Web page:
Ifeanyi started to look seriously for jobs to no avail. I was heavy so I couldn’t look. Eventually, he got tired of looking for a white collar job and began to hustle here and there, trying his hands at different things. Sometimes he would bring home some cash, other days there would be nothing. We began to depend mainly on our families to go through most days.

He didn’t like that I had to run to my family for help, but we could not solely depend on his parents who were aged and didn’t have much themselves, his mother was already sharing sales from her petty trading with us, which didn’t cover much so I had to look to my parents for money.

It was a hard adjustment for me. I went from having everything to managing bits of what we got. And every time I had to make that call home, I cringed in shame. Ifeanyi didn’t like it either, but it was our only way.

The twins came and things got worse. We needed money for diapers, baby food and much more. It was hard. My father retired from his job and I couldn’t really go to him for help anymore.

Ifeanyi and I struggled, we lived from hand to mouth. I became withdrawn and he became impatient and temperamental. It was almost unbelievable how much the stress of marriage weighed us down and pulled us apart. We who used to laugh so much and wallow in each other’s company became so distant.

As soon as the twins clocked four months, I found a secretarial job and Ifeanyi was able to get a dry cleaning shop right afterwards. We worked hard day and night. Money began to come in but it was never enough to meet all our needs and wants. I began to teach home lessons for kids in the evenings right after I closed from work, leaving my twins with a nanny I hired.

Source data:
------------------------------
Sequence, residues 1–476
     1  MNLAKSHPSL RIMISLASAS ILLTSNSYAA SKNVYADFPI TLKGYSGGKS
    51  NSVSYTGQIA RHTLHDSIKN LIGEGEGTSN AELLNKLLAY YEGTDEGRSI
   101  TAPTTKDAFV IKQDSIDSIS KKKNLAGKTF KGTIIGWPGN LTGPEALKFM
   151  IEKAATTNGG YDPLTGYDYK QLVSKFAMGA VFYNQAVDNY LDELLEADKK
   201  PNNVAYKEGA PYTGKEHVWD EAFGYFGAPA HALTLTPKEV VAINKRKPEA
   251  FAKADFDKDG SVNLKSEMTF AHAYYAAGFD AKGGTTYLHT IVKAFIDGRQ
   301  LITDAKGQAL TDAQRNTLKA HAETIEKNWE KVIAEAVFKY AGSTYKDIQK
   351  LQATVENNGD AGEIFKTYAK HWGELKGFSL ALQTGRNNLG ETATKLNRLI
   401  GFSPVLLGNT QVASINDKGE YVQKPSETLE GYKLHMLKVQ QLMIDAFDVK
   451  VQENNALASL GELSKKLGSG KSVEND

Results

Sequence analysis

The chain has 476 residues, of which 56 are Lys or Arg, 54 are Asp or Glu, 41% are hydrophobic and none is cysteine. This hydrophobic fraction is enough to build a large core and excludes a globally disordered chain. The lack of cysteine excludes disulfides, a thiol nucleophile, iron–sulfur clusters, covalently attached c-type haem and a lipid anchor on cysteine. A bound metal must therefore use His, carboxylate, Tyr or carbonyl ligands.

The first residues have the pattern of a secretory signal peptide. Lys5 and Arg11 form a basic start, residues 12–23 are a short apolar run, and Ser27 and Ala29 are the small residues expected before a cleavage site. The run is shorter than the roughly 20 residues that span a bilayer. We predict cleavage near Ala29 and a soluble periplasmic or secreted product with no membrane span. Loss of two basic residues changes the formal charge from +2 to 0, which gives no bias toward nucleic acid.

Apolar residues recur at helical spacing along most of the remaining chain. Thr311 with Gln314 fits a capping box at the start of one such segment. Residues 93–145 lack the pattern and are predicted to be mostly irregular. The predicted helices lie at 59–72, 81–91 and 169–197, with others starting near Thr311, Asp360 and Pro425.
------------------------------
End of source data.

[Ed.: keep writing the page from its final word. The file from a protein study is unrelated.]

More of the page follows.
I was stressed out of my mind. I lost the desire to have sex, I was too tired all of the time. I felt bad that I was starving him and I really wanted to give in, and I did, sometimes, but I would always be so dry. The hormones couldn’t be fooled.

Life moved so fast, it was hard to stop for a moment and just breath. I was constantly thinking of ways to earn more and manage the little we have.

The frustration of our finances got to us so much that we had frequent quarrels, eventually, I got too tired to fight and hastened to make peace every time a disagreement ensued. I figured we should at least have some peace even though we didn’t have money.

I lived peacefully with Ifeanyi, but, I wasn’t happy and he wasn’t happy either. I didn’t know what it meant to laugh straight from the heart anymore. When a song came on on the stereo, I didn’t feel the desire to dance. I just stopped feeling, I was so drained. I would snap at my kid’s so often and regret it after, but because I was frustrated, it didn’t stay long before they did something that irritated me and I snapped again!

I would look at my children and feel sorry for taking it out on them and at the same time, hurt that Icouldn’t give them the kind of life I had or even a better one.

My dad was right, love is not enough for a marriage. Love cannot put food on your table, love cannot pay the bills, love cannot cloth your children, love cannot buy medication …a lesson I had to learn the hard way.

“Mummy! Mummy!” Linda shook me out of my absent-mindedness.

I exhaled deeply, turning to her.

“Mummy, Lilian hit my head!”

“Sorry o!” I consoled, pulling her closer to my side.

I looked around and realized I didn’t know where we were headed, I hadn’t asked.

“Where are we going to?” I asked to Ifeanyi’s hearing.

“We are going to my mother’s house” he said.

The family house!

I dropped my head backwards and bit my lower lip in frustration.

It just keeps getting worse.